Jira Maligool

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Jira Maligool (Thai: จิระ มะลิกุล; RTGS: Chira Malikun; born 1961) is a Thai film director, screenwriter and producer. He has directed three films, Mekhong Full Moon Party, The Tin Mine and Seven Something (part 42.195), and was the screenwriter behind the international hit, The Iron Ladies.

Biography[edit]

Early career[edit]

Born in Thailand in 1961, Jira graduated in 1983 from Chulalongkorn University Faculty of Communication Arts, where he majored in film and photography. While still a student, he worked as a music video and movie commercial director.

In 1991, he co-founded his own film studio, Hub Ho Hin Bangkok (later Hub Ho Hin Films). In 2003, it was merged with GMM Grammy's film division GMM Pictures and Visute Poolvoralaks' company Tai Entertainment to form GMM Tai Hub (or GTH).

First features[edit]

Jira started out in feature films as the screenwriter for the 2000 film, The Iron Ladies (Satree lek), which was based on a true story about a gay and transvestite (katoey) men's volleyball team that won the Thailand national championship in 1996. That film went on to be a box-office hit in Thailand and has been a popular feature at international film festivals. It was directed by Youngyooth Thongkonthun, who's gone on to direct a sequel to Iron Ladies as well as another comedy, M.A.I.D. and 2006's Metrosexual.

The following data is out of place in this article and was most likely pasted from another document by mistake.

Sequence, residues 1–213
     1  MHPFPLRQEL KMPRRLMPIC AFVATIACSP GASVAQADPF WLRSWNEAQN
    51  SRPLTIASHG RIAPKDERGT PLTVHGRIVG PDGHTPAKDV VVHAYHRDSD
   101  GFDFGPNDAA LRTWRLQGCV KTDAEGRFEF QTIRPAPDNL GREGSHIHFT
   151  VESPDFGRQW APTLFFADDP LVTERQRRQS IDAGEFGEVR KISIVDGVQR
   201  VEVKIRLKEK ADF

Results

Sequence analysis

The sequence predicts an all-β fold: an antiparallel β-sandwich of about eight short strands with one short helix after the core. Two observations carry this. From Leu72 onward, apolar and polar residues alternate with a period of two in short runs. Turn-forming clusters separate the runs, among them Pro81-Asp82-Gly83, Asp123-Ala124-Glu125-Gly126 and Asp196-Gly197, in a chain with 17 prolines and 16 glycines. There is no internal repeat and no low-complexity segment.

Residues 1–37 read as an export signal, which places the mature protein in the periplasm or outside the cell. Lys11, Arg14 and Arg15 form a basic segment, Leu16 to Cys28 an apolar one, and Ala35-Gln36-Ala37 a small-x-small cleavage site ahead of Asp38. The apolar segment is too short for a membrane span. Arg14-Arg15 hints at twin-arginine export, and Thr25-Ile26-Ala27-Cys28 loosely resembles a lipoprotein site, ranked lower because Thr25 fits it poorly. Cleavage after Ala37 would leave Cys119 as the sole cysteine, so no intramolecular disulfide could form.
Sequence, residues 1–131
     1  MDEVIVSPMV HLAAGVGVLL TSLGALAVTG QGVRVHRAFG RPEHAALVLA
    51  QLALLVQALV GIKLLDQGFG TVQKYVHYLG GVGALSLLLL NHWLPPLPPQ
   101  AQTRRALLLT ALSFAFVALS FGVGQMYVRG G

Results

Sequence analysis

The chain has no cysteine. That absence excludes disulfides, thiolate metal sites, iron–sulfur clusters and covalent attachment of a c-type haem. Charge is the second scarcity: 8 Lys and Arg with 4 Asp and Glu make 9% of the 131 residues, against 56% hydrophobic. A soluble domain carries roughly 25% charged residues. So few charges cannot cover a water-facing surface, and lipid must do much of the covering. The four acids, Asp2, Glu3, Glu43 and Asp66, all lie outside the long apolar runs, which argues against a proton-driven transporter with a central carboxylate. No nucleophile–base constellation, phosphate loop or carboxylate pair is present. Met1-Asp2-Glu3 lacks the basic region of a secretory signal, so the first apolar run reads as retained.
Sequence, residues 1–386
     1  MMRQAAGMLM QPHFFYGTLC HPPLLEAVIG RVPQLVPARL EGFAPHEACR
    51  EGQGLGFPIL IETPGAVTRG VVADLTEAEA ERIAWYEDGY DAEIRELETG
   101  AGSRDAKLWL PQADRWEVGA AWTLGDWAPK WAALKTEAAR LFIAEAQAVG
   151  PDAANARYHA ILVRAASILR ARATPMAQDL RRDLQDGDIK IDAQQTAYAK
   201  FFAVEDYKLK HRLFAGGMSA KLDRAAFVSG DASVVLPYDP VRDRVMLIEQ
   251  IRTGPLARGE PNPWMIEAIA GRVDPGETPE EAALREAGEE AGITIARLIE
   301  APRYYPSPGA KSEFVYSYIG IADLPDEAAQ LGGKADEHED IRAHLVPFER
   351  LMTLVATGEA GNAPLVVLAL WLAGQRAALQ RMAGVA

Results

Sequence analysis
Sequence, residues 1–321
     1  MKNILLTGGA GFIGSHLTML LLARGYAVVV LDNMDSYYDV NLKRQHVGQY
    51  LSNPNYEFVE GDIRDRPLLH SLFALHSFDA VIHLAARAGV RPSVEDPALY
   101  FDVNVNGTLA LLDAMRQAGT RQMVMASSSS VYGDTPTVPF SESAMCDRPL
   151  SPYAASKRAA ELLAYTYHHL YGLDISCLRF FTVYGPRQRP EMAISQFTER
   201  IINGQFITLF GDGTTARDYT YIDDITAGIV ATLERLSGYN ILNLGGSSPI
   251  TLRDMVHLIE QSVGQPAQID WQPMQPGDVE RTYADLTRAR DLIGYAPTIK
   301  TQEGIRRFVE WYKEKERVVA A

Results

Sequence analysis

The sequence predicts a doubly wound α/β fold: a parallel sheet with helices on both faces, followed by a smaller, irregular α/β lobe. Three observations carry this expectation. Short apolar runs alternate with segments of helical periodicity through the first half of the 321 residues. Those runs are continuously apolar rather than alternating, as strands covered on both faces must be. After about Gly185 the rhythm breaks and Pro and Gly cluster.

Jira made his directorial debut in 2002 with Mekhong Full Moon Party, which took a semi-documentary look at the phenomenon of Naga fireballs that rise from the Mekong river in the province of Nong Khai on the full moon in October. The film generally received positive reviews from critics and was a box-office hit. He said he was inspired to make the film after reading a magazine article that featured a debate about the fireballs, with a university instructor believing the fireballs were manmade while a local physician thought they were created by a phenomenon that can be scientifically explained.

Hit producer[edit]

He was also behind the hit 2003 film, Fan Chan (My Girl), a nostaglic look at childhood in 1980s Thailand. The film's ensemble of six directors - Komgrit Treewimol, Songyos Sugmakanan, Nithiwat Tharathorn, Vijja Kojew, Vithaya Thongyuyong and Adisorn Tresirikasem - were students of Jira, who taught as a part-time professor in photography and cinematography classes at Chulalongkorn University. Two of those directors, Komgrit and Songyos, went on to direct hit films, Komgrit helming the romantic comedy Dear Dakanda in 2005 and Songyos with the hit 2006 thriller Dek hor (Dorm).

Jira's second directorial effort, The Tin Mine was a lavish production about a tin mine in southern Thailand in the 1950s. It was based on the short stories of Thai author Archin Panjabhan, who served as an adviser on the production. The film fared poorly at the Thai box office, but it has won several awards and has been featured at international film festivals.

Filmography[edit]

Director[edit]

Producer[edit]

Screenwriter[edit]

Cinematographer[edit]

Awards and nominations[edit]

References[edit]

External links[edit]